6 Minute English
The Manhattan Project
Episode 220623 / 23 Jun 2022
The invention of the atomic bomb was known as The Manhattan Project.
In this programme we'll take a look into the science and the politics of The Manhattan Project. As usual, we'll learn some new vocabulary as well.
This week's question:
Uranium is the heaviest element in the periodic table. Which is the lightest?
Watch the video to find out the answer.
the periodic table
chart grouping all the chemical elements according to their atomic number and symbol
easily broken or damaged
break into two parts
series of connected events, where each event becomes the cause of the next
short, written report on a specific issue or topic
possible to believe
Note: This is not a word-for-word transcript.
Hello. This is 6 Minute English from BBC Learning English. I'm Sam.
And I'm Rob.
On August the sixth 1945, the US aircraft, Enola Gay, dropped an atomic bomb on the city of Hiroshima, instantly killing 70,000 people.
When Japan refused to surrender, a second bomb was dropped on Nagasaki three days later. Many believe the bombings quickened the end of the Second World War. But it came at a terrible human cost, which some have called a crime against humanity.
The invention of the atomic bomb, which resulted from the cooperation between the US military and some of the world's leading scientific minds, was known as The Manhattan Project. In this programme we'll take a look into the science and the politics of The Manhattan Project, and as usual, we'll learn some new vocabulary as well.
Even before World War Two, scientists had known about the potential energy inside uranium, the heaviest metal in the periodic table - a diagram which groups the chemical elements into rows and columns according to their atomic number and symbol. The challenge for science was learning how to unleash this potential energy in a controlled way.
We'll hear more soon, but first I have a question for you, Rob.
I mentioned that uranium is the heaviest element in the periodic table, but which is the lightest?
Well, oxygen is a gas, so it must pretty light. I'll say c) oxygen.
OK, Rob, we'll find out the answer later in the programme. First, let's find out a bit more about the science of uranium from Frank Close, an Oxford professor of theoretical physics, in conversation with BBC Radio 4 programme, In Our Time:
Prof Frank Close
In 1938 the discovery was made that if you use uranium, the atoms of uranium, which are the heaviest that occur naturally in the periodic table, they're very fragile… and the discovery was that if you just almost touched them with a single neutron, that's a nuclear particle, the uranium was like a drop of water, it would just break apart, split in two… and this action of splitting the uranium has become known as fission.
Atoms of uranium are very fragile - easily broken or damaged. In 1938, it was discovered that when nuclear particles called neutrons were fired at uranium atoms, they would split, or break in two.
This process of splitting uranium, or fission, did two things. First, it released huge amounts of energy, a billion times more than would be released in a normal chemical reaction.
Secondly, the act of splitting atoms released two more neutrons. These new neutrons were freed to hit more uranium, creating four neutrons, which in turn were freed and created eight, then sixteen and so on, making what's known as a chemical chain reaction.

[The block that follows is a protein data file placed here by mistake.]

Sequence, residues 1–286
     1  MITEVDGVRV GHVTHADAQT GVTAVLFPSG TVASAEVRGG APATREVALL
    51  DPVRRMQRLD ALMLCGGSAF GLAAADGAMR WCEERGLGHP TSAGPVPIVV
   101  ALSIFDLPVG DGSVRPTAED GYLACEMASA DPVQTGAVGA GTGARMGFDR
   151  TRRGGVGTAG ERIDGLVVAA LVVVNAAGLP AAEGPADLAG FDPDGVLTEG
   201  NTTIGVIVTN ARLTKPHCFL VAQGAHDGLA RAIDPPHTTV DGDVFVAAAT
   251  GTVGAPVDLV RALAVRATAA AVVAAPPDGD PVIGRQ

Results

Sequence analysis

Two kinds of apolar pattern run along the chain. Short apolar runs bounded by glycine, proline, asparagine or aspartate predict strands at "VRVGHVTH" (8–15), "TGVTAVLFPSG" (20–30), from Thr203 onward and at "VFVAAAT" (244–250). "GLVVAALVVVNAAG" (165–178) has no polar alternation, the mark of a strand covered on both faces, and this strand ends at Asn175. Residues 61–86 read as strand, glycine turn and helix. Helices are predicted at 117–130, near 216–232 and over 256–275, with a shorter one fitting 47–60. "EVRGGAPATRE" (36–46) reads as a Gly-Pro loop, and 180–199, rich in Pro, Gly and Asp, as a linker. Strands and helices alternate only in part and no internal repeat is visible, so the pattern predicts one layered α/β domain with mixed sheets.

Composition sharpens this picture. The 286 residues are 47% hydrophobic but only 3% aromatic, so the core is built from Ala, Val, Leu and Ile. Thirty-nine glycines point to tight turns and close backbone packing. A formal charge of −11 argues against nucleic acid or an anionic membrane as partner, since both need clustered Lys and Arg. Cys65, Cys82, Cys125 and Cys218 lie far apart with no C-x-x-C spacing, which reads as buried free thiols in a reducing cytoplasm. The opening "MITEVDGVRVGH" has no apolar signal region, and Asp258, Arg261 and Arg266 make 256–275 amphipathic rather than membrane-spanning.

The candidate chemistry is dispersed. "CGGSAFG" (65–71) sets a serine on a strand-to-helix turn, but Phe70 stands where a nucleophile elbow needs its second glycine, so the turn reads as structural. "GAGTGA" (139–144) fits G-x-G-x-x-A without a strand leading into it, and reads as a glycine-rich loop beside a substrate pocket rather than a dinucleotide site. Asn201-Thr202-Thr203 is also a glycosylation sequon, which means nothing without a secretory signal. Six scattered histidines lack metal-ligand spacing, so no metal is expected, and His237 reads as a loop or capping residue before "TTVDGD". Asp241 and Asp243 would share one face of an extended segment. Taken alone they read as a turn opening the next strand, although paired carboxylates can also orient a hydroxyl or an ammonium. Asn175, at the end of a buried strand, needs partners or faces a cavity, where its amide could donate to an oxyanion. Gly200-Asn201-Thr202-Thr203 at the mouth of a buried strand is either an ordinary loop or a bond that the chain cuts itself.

In everyday English, a chain reaction is a series of events where each event becomes the cause of the next.
The politics behind the development of the atomic bomb was no less complex than the science. In the same year that Hitler invaded Poland, two Jewish scientists exiled from Nazi Germany - Rudolf Peierls, and Otto Frish - first realised uranium's power as a weapon of war. Listen as Professor Frank Close takes up the story for BBC Radio 4 programme, In Our Time:
Prof Frank Close
Having had the idea and the shock of the discovery, you immediately then think, 'maybe scientists in Germany have already had the same idea and come to the same conclusions - could Hitler already be building such a weapon?' And in their memorandum which they wrote and reached the British government they said it's conceivable that Germany is in fact developing this weapon, and the only defence against it is to have one yourself.
After their discovery, Peierls and Frish were worried that the Nazis had already found out how to weaponize uranium. It was conceivable, or believable, that Germany was building an atomic bomb.
They shared this terrifying thought in their famous memorandum - a short written report on a specific topic. As soon as US President Franklin Roosevelt read it, he started the Manhattan Project, and the race to build an atomic bomb began.
In a strange twist of history, it turned out that Hitler hadn't been building atomic bombs at all. And Hiroshima, the Japanese city destroyed in 1945, was rebuilt and stands as a symbol of peace today.
Let's end on a lighter note, Sam, with your question.
Yes, I asked which is the lightest element in the periodic table. It's A, hydrogen, the lightest of all gases which come at the very start of the periodic table, having the atomic number 1.
Ah, if only I'd remembered what our chemistry teacher taught us about the periodic table - a chart grouping all the chemical elements according to their atomic number.
Let's recap the rest of the vocabulary too. If something is fragile it's easily broken.
To split something means to break it into two parts.
A chain reaction happens when one event becomes the cause of the next.
A memorandum is a short, written report on a specific topic.
And finally, the adjective conceivable means believable. That brings us to the end of our programme! We hope you'll join us again soon for more interesting issues and useful vocabulary. Bye for now!
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